Monday, December 24, 2012
The New Egyptian Constituion: What's the Libertarian View?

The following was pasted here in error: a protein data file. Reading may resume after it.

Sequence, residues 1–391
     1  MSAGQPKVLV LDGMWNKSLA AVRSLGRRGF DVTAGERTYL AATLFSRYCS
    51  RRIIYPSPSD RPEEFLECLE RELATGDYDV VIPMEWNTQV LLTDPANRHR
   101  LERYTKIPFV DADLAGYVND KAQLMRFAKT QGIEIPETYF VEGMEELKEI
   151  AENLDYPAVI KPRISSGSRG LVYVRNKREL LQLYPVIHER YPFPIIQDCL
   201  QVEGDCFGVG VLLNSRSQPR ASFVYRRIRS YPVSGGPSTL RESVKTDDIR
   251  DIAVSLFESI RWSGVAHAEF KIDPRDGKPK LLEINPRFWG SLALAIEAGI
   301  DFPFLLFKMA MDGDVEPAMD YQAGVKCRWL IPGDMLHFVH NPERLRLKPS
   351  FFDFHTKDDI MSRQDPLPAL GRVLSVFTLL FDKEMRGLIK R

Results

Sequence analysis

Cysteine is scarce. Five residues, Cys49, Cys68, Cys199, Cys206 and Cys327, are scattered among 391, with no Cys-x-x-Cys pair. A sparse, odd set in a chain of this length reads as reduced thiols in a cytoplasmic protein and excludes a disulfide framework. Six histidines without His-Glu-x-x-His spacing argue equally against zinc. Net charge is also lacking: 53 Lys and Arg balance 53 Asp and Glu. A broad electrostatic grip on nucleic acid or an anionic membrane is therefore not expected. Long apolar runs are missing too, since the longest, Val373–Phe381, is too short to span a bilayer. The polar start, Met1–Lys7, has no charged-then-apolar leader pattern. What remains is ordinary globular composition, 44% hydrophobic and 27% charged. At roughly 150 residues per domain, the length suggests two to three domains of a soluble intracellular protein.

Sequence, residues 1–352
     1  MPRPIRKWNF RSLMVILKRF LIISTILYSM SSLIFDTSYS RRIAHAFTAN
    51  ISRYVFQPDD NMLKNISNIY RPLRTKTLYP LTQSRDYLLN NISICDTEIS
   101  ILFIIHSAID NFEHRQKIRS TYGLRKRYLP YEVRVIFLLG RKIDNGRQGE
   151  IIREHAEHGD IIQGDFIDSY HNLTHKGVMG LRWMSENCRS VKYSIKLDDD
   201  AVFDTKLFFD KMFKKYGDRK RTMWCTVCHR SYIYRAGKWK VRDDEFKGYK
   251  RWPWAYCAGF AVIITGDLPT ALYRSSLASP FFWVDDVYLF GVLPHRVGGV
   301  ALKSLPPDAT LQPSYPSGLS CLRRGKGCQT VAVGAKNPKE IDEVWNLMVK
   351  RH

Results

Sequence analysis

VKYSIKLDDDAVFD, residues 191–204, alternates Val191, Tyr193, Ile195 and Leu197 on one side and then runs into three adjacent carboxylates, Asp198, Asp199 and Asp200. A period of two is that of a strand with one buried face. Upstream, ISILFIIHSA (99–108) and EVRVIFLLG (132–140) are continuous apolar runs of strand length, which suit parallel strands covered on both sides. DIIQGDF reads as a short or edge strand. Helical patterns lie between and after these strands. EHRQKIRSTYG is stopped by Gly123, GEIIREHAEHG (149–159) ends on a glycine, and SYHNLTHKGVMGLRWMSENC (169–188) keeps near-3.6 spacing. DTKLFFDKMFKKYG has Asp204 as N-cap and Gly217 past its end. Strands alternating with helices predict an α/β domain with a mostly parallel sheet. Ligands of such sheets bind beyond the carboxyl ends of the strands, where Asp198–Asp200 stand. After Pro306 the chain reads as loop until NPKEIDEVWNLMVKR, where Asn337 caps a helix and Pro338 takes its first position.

by Clifford F. Thies The focus of the western media on the new constitution of Egypt concerns how that constitution addresses issues of controversy in the west. The western media focuses on women and minority rights, and the meaning of a Sharia-based constitution. Our focus, as libertarians, is different. Our focus is on individual rights, not the rights of persons belonging to one or another group, as well as on what is meant for something to be based on Sharia. We would have no objection to a constitution based on the teachings of Sharia pertaining to the establishment of the rule of law, that our rights come from the Creator, that governments are instituted to defend these rights and gain their just powers from the consent of the governed. We essentially say these things in our Declaration of Independence and in the Preamble to the U.S. Constitution. The new constitution of Egypt says three of these things very clearly and talks about the fourth by describing the honorable service of the military and police. We would have no objection to identifying the source of this enlightened view of government as the Koran and the body of traditions and rulings that interpret and build upon the Koran. No civilization, after all, springs forth from out of nothing. We have no objection for Egypt to say that it is an Islamic nation in this sense, and we would have no objection to saying that the western nations are Judeo-Christian nations in this sense. Here is our objection: The establishment of religion. In the new Egyptian constitution, a school of Islamic thought - the Al-Azhar - is recognized as a kind of supreme court for the determination of what is meant by Sharia. Accordingly, all controversies regarding matters such as women's rights will ultimately be resolved by this school. The Al-Azhar school is a moderate school of Islamic thought. It is relatively liberal on some issues (as compared to other schools of Islamic thought) and is quite good on some (as compared to the secular, progressive socialists of the west). In particular, the Al-Azhar school recognizes Jews and Christians as fellow monotheistic religions; and, in keeping with this view, the new Egyptian constitution guarantees that Jews and Christians will be free to exercise their religions, and have houses of worship, and (presumably) be protected by the constitution's guarantee against discrimination. Also, there is no recognition of the legitimacy of Shi'a Islam or of the Bahai faith, which poses problems for some people in the country. The system, in Egypt, can be seen as the flip side of the system in Israel, where orthodox Judaism is the established religion, and certain other religions are recognized, and certain forms of Judaism and mixes of Judaism and other religion are left in limbo. Thus, our objection to the establishment of religion is twofold: First, it turns over the determination of what is Sharia law to a self-perpetuating religious body, not to a Supreme Court whose members are appointed by office holders elected by the people (even though, once appointed, they are removed from politics). And, second, it establishes an apartheid system, favoring those who are members of the established religion and relegated others to second-class citizenship. For Jews, America has always been second only to Israel because here we were not allowed to practice our faith and traditions by privilege; rather, these were our rights, as they were the rights of all.